There are so many online shooters these days that some companies can't even give them away – just ask Icelandic outfit CCP Games about the popularity of its PlayStation 3 experiment DUST 514. With the space utterly dominated by blockbuster brands like Battlefield and Call of Duty, you'd think that smaller studios such as Edge of Reality – the team behind Activision's recent mechanical misfire Transformers: Rise of the Dark Spark – would be eager to avoid a skirmish with said seasoned series. Loadout, however, is not backward about coming forward, hopping into the PlayStation 4 firefight with polka dot panties and a cabbage patch dance routine to match. The question is: can this free-to-play pretender hold its own against the big guns?

Unfortunately, the answer's no – but there are some pleasant ideas on offer that almost make up for its trashy art style. Proving that size really does matter, the main metagame here will find you forging weapons out of the gear that you recover from the release's six main arenas. Taping together different barrels, stocks, and magazine clips will result in all-new tools of destruction, and you can take these out into a shooting range to see if they're to your tastes. Obviously, you'll be doing a lot of grinding to make the weapon of your dreams, with loot included in crates and boxes that you'll attain as you play. However, there's also the option to stump up for some Spacebux, which will buy you the pieces that you need in exchange for real-world cash.

We were having a torrid time with the title until we spent a few pennies on crafting the perfect piece, and noticed our enjoyment increased significantly beyond that first investment. The problem is that it can take hours to build a weapon that you really feel comfortable with for free, and your interest will likely lapse long before your lips touch the Holy Grail lingering tantalisingly on the horizon. Part with a bob or two to make something that you find satisfying, however, and you'll see your interest soar – well, until you get tired of it and realise that you haven't got the bits that you need to start afresh. It's this craving of new kit that's supposed to comprise the chief appeal of the product, but we found it more of a deterrent than a draw.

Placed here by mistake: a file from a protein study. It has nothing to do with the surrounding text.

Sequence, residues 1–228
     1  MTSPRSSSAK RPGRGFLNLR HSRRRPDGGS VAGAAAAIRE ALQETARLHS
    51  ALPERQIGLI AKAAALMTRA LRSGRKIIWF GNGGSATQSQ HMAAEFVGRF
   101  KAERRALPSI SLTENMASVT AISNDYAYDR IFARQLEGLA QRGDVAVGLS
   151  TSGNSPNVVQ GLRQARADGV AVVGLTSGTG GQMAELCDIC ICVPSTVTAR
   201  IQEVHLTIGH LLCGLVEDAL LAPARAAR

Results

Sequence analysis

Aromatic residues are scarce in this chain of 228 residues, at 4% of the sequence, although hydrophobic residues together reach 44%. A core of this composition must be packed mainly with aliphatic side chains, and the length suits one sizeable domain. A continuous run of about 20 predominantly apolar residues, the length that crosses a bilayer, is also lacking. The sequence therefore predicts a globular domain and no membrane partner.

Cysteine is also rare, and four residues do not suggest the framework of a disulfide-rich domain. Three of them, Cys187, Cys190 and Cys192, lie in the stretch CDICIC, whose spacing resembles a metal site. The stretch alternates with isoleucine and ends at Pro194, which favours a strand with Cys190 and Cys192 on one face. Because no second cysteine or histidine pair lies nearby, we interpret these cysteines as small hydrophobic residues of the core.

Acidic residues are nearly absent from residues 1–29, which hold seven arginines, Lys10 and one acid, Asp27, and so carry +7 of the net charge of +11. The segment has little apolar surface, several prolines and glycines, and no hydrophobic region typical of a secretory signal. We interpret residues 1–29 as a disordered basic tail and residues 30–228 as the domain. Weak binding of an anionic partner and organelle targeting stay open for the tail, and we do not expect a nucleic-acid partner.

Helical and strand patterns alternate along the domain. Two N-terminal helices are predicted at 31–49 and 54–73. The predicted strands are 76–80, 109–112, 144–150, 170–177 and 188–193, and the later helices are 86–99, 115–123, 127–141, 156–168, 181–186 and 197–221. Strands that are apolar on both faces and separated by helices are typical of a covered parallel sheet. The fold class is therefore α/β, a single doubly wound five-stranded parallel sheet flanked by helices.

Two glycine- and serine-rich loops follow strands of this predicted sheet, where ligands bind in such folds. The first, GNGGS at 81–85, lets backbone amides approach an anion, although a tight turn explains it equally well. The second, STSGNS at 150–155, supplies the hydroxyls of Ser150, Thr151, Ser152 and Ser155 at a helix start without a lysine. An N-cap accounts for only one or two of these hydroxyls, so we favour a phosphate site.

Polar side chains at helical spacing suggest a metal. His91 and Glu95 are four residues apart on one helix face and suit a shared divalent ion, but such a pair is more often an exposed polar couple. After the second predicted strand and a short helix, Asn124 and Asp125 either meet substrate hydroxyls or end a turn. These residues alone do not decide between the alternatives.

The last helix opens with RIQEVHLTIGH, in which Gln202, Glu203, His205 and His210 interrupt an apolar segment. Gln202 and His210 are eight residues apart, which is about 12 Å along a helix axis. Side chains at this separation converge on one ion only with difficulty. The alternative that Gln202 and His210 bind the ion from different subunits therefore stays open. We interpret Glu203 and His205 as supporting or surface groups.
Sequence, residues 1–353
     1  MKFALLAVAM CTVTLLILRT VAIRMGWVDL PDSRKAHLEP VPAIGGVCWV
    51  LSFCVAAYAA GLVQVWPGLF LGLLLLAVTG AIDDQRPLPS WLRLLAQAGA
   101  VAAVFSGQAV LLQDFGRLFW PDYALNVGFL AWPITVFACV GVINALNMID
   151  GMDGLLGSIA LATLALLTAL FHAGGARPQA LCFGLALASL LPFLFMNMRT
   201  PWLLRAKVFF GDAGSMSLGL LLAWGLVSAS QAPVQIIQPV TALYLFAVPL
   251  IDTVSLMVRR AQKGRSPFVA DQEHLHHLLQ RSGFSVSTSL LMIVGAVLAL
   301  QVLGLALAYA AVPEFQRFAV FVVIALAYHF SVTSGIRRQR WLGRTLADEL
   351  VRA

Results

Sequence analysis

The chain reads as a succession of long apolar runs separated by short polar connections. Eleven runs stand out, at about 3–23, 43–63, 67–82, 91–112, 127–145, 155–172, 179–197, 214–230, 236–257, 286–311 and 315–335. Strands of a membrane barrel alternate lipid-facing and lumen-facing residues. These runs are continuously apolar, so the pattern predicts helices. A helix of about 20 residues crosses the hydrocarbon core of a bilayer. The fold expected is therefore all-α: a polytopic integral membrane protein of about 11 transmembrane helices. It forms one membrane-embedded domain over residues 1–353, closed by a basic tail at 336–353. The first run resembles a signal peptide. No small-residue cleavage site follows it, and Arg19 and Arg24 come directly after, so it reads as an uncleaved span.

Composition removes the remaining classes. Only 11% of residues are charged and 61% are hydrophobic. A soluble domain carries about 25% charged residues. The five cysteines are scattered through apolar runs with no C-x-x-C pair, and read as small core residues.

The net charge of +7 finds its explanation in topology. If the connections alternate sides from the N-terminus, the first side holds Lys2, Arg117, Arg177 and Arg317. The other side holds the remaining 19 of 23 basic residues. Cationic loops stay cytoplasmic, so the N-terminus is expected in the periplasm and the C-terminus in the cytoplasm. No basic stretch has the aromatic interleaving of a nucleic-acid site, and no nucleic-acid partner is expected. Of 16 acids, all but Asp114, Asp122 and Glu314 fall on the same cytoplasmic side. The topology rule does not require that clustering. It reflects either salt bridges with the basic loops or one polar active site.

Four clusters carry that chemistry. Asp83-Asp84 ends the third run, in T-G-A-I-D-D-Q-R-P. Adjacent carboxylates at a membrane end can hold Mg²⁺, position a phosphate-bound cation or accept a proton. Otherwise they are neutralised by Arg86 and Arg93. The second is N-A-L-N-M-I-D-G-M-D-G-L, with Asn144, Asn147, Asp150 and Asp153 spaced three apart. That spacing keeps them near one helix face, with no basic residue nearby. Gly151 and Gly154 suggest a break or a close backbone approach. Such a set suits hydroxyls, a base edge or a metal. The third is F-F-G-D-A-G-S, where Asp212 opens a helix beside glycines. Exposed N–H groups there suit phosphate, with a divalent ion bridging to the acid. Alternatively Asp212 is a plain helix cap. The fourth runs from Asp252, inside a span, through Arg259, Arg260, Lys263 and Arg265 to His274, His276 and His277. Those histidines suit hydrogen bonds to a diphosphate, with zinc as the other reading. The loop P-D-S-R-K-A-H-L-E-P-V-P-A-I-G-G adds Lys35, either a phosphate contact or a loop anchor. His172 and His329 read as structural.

Part of the problem is the interface, which is a bit of a mess. There are plenty of sorting options for the parts that you do have, but while it may look like you have all of the components required to build a lightning spouting super shotgun, you'll often find that it comes up short when taken into battle. Plug in a few premium pieces, though, and you'll get something closer to the human mincer that you originally had in mind. This wouldn't be so bad if you could dole out Blutes – the title's second currency, which is accrued during gameplay – but almost all of the game's good stuff is restricted to the aforementioned Spacebux, and while you will garner some during the core co-op campaign, you'll need to pod out for a meaningful amount.

Of course, there's nothing wrong with the developer wanting to make a crust, and it's clear that it's thought carefully about how it uses microtransactions to fund its foray – but we're not sure that forcing freeloaders to spend several hours with a drab and dreary pea shooter is necessarily the best advert for the game. It doesn't help that the "story" sees you essentially playing multiplayer matches with bots, with the woolly controls well and truly exposed as you attempt to take out puny peons rolling around the cel-shaded stages. The game gives off plenty of good feedback when you eventually land a hit, and the binding of key commands to the DualShock 4's shoulder buttons keeps your fingers on the sticks, but the controls just aren't tight enough to cope with the pace of the action.

The same is true in competitive multiplayer, where you'll be taking on teams of likeminded adversaries in a variety of deathmatch types. Death Snatch is essentially Kill Confirmed with test-tubes, while both Domination and Blitz encourage you to control designated strongholds. It's here that the spray and pray mentality of the game works best, as you offload explosives into the general vicinity of players and watch your kill streak increase. It's mindless but entertaining at first, and this initial gratification also applies to Jackhammer – an alternative to capture the flag, which involves a giant hammer that you can wield and use on opponents for bonus points. Alas, unless you really love the firearms that you've fashioned, you can get a similar experience better elsewhere.

The developer would perhaps point to the crude form of comedy as something that sets its package apart, but Helga – one of three customisable characters – with her stretch marks and Miley Cyrus taunts is not exactly our kind of eye candy. We get what it's going for, and there is some charm to its comic book-inspired environments, but with only a handful of arenas and cosmetic items extremely expensive, you're going to be up against a lot of repetition, which will grate the more that you play. One victory dance in particular, complete with a flabby bass line and whistle effect, will leave you reaching for the mute button when you're inevitably matched up with someone that's all too eager to break it out every ten seconds or so.

Conclusion

New shooters need to be special to stand out in an arena of bigger brands, and Loadout doesn't quite have the quality required to back up its ideas. When you've got a good gun, the game's not a complete washout – but the free-to-play affair ultimately blows its load with a lack of variety and a lousy sense of humour. You'll find the fun faster if you cough up a bit of cash, but only diehards will stick around for more than a handful of rounds.